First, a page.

The state medical board may use the sealed criminal record of a physician charged with misconduct to impose discipline, the Massachusetts Supreme Court ruled September 1. However, the court also ruled the contents of the sealed record could not be made publicly available, unless the board possesses independent evidence of the criminal case or criminal conduct in question and uses that evidence for a final disciplinary decision.
The case involved an unidentified physician, John Doe, who admitted to a misdemeanor charge of performing a sexual act for a fee. In June 2017, the physician admitted to sufficient facts and the court continued his case without a finding, after which the physician self-reported the arrest, charges, and disposition to the state medical board. In September 2017, Doe’s criminal case was dismissed following his completion of the court-imposed conditions, and Doe attempted to renew his license, including a copy of the criminal docket and police reports, as is required.
The board asserted that “public disclosure of the causes of a disciplinary action is important to the board’s mission of ensuring that only qualified competent physicians of good moral character are licensed to practice.”
Th court took note that the most recent statute governing the sealing of records did not prohibit their use in court proceedings before boards and commissions. That omission “makes clear that the board” may use the sealed records. But a separate law prohibits public disclosure of sealed records.
Normally the board would not have access to sealed criminal records and thus no opportunity to disclose them anyway. In Doe’s case, the question arose because Doe himself had supplied the documents, the court noted. However, it added, “because nothing in the statute requires the board to publish the basis for its final disciplinary decision, . . . the board should limit its description to that which is necessary to fulfill its mission. Indeed, the board’s executive director attested to the fact that the board has discretion regarding the nature and specificity of the information it discloses to the public.” The court remanded the case to the single justice who had first dealt with it with an order to issue a ruling consistent with the court’s decision.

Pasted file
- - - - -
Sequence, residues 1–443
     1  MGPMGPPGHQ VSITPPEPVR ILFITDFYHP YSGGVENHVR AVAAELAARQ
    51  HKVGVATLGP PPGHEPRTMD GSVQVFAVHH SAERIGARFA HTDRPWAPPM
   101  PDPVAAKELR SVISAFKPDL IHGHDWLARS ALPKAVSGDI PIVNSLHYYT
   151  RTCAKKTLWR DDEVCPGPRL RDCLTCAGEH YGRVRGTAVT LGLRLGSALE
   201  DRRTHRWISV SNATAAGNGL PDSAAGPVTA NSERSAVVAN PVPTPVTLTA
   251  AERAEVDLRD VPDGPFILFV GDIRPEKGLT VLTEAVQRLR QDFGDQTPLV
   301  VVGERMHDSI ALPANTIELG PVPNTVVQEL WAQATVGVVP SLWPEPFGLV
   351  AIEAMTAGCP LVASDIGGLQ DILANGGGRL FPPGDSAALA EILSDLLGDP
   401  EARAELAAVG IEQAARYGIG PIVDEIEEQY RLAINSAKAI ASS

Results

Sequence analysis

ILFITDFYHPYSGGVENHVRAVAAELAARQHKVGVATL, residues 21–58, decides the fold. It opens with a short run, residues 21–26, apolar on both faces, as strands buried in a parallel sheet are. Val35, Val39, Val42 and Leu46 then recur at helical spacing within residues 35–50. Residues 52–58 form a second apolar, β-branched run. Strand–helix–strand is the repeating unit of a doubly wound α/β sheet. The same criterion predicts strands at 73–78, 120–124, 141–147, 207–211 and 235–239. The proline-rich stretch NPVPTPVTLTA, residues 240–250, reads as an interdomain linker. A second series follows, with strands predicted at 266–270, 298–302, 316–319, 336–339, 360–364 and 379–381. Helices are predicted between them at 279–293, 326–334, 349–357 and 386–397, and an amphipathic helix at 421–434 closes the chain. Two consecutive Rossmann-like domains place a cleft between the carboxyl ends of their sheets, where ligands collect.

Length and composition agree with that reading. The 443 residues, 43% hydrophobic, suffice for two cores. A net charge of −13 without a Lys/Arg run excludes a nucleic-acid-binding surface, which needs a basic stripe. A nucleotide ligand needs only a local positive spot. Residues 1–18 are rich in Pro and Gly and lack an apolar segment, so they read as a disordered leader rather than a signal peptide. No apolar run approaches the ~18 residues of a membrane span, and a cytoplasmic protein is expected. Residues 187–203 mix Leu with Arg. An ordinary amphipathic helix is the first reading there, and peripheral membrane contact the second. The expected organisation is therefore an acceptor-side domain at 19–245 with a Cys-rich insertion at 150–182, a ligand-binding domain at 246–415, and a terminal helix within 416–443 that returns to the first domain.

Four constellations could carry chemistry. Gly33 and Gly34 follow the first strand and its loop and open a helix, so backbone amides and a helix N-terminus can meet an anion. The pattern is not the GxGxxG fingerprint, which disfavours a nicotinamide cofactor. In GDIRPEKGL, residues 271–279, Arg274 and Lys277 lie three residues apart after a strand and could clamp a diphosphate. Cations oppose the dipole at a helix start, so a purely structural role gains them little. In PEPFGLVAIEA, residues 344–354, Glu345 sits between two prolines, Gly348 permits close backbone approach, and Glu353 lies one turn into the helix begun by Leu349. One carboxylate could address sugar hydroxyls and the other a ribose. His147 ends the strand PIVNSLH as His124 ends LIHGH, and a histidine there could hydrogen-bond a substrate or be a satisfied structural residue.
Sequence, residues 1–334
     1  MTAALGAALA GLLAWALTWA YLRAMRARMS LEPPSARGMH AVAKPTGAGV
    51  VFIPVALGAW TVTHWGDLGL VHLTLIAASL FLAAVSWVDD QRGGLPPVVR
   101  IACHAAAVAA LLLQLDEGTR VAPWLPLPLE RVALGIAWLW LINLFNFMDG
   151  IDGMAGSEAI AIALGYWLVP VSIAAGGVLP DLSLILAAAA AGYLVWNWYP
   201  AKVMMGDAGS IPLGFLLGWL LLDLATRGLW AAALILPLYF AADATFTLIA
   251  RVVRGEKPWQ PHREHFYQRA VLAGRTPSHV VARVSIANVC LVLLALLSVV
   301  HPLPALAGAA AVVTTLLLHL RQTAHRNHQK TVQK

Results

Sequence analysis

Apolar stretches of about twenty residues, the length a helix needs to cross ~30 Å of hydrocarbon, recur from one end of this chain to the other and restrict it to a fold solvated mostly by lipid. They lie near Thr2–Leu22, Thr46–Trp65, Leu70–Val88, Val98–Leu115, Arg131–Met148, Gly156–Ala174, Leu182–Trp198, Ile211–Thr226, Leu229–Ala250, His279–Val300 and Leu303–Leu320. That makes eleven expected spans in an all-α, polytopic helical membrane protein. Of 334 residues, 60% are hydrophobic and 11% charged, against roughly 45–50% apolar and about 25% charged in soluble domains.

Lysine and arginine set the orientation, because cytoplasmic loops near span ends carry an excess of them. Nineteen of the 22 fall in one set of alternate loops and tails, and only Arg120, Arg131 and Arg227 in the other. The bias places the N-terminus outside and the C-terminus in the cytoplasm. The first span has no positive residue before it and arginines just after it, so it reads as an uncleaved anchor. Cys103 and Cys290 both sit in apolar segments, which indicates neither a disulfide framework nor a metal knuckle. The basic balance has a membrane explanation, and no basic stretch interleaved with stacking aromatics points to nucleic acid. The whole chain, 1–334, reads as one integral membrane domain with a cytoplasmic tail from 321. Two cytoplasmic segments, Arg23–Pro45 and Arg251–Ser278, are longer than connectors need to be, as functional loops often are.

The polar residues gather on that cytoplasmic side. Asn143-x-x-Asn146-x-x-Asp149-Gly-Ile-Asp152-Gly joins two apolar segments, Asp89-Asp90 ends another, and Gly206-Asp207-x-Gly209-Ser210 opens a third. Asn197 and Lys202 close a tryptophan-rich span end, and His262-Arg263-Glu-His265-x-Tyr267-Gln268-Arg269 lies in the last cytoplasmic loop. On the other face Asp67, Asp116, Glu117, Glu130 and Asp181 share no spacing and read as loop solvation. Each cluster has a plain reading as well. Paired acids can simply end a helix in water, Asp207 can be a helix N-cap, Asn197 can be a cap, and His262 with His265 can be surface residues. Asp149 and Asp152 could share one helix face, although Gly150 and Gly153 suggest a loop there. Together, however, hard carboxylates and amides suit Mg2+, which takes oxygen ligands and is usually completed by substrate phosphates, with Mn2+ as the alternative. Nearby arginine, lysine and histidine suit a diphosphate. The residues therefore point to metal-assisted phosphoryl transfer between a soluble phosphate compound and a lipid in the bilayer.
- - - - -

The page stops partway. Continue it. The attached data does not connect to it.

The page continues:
The board did not know that Doe was seeking to have that record sealed by petitioning the Cambridge Division of the District Court Department. The board’s complaint committee recommended that a “statement of allegations” be served on Doe and that the board consider issuing a consent order to eliminate the need for adjudicative proceedings, as long as the consent order included a reprimand.
The draft consent order produced cited Doe’s engagement in “conduct that undermines the public confidence in the integrity of the medical profession,” and included the information contained in the sealed record. In July 2018, the criminal record was sealed and Doe notified the board of the sealing, requesting that the board close his disciplinary matter without further action since further action would violate the sealing order.
In April 2019, Doe also asked that if the board elected to discipline him, it refrain from making that discipline public until Doe could seek judicial review of the use of the sealed record. The board declined. The following month Doe filed an emergency petition to the county court.